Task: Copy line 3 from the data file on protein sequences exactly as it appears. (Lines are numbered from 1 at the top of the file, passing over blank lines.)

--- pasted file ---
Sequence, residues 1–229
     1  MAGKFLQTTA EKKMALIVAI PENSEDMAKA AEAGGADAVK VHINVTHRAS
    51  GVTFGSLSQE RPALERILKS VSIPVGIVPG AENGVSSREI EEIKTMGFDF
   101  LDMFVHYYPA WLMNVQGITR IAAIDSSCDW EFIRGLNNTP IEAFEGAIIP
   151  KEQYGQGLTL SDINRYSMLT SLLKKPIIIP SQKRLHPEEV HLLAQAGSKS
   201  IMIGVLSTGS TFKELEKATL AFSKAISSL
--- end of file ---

    51  GVTFGSLSQE RPALERILKS VSIPVGIVPG AENGVSSREI EEIKTMGFDF